Bernard shared an idea a resident submitted to her, which said South Paris should capitalize on its history and colonialism in Market Square. The resident also posited McLaughlin Garden and said the building next door should be included in the strategic plan. Bernard added to that, suggesting the town emphasize all of its manufacturing history, and highlight the beautiful architecture of the old buildings in Market Square.
As far as family focus and events in town, Paris Selectmen Chairman Ryan Lorrain said there’s events that cater to the older generation and people in between, but nothing that focuses on specifically children. Bernard said the town could build off the Moore Park Art Show and look into hosting movies in the park like other towns do. Wessels said something should be done with the town-owned space by the old fire station, behind Market Square Restaurant, and where Swett’s business is.
“I’d love to see something there,” he said, suggesting an amphitheater.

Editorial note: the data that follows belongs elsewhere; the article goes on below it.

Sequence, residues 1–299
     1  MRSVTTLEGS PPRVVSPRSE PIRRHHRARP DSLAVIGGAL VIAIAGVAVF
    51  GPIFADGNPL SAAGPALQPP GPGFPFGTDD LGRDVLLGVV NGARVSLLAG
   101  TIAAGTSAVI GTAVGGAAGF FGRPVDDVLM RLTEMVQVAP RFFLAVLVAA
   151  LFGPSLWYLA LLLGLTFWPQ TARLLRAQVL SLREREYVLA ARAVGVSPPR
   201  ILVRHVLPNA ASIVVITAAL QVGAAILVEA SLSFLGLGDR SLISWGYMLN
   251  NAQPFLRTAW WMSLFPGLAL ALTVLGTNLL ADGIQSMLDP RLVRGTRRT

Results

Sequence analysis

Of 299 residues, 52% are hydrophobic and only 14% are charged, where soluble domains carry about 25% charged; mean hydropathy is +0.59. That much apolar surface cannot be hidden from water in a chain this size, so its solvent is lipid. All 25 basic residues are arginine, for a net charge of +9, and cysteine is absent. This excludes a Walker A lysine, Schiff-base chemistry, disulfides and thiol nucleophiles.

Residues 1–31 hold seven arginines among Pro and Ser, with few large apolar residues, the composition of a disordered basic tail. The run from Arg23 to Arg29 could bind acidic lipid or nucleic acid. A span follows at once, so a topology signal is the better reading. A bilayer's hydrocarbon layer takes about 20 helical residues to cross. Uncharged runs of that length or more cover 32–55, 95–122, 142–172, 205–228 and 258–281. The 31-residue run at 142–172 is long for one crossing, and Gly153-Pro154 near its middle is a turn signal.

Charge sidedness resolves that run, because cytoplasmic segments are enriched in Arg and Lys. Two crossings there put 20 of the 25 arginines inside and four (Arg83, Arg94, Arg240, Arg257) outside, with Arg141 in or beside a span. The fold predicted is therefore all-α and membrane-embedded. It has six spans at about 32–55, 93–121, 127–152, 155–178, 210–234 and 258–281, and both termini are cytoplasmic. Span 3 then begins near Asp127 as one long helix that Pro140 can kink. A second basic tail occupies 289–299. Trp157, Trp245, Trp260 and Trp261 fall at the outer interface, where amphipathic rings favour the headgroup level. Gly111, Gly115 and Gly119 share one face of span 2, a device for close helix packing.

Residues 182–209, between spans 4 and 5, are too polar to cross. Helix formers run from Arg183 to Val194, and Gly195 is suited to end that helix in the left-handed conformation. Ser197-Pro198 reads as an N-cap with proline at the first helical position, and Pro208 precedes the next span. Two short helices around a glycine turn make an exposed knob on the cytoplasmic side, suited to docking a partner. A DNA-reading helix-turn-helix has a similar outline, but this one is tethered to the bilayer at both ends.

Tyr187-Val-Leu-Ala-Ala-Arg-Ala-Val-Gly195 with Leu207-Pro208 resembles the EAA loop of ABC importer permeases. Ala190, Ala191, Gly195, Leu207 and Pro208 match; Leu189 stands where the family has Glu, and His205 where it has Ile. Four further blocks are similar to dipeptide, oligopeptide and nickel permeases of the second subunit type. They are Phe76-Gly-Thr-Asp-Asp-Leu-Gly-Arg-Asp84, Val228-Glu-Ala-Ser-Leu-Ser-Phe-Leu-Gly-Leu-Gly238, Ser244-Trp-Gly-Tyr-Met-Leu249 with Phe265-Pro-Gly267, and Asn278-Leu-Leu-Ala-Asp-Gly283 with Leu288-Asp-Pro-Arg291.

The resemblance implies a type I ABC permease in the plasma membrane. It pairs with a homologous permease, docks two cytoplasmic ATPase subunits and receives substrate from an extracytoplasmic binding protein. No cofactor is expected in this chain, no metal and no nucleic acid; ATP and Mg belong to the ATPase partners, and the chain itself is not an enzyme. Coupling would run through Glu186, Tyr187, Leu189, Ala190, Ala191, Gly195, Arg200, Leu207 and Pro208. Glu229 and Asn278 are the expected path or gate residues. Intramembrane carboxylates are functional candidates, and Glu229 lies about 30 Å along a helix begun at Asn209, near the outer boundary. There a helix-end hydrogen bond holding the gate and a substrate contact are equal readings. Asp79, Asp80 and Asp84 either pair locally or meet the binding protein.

Swett said she met with Ben Conant, curator of the Paris Cape Historical Society, who told her that there once was an amphitheater in that exact spot.
Near the end of the session, Swett touched on a subject that hadn’t been brought up, which is the traffic pattern in Market Square. Bernard told the crowd that the town reached out to the Department of Transportation to see if the state would foot the bill for a traffic study, saying it was “prudent” of the town to do so since it’s a state-owned road. She added that South Paris is still on a high-accident list with the state because of the traffic in Market Square.
The town will host a second brainstorming session for the strategic plan before Swett releases the final document on Oct. 26. The date hasn’t been set yet.
For those wishing to contribute their comments and ideas for the plan, or join the Revitalization Committee, contact Swett at firstname.lastname@example.org or 647-3384.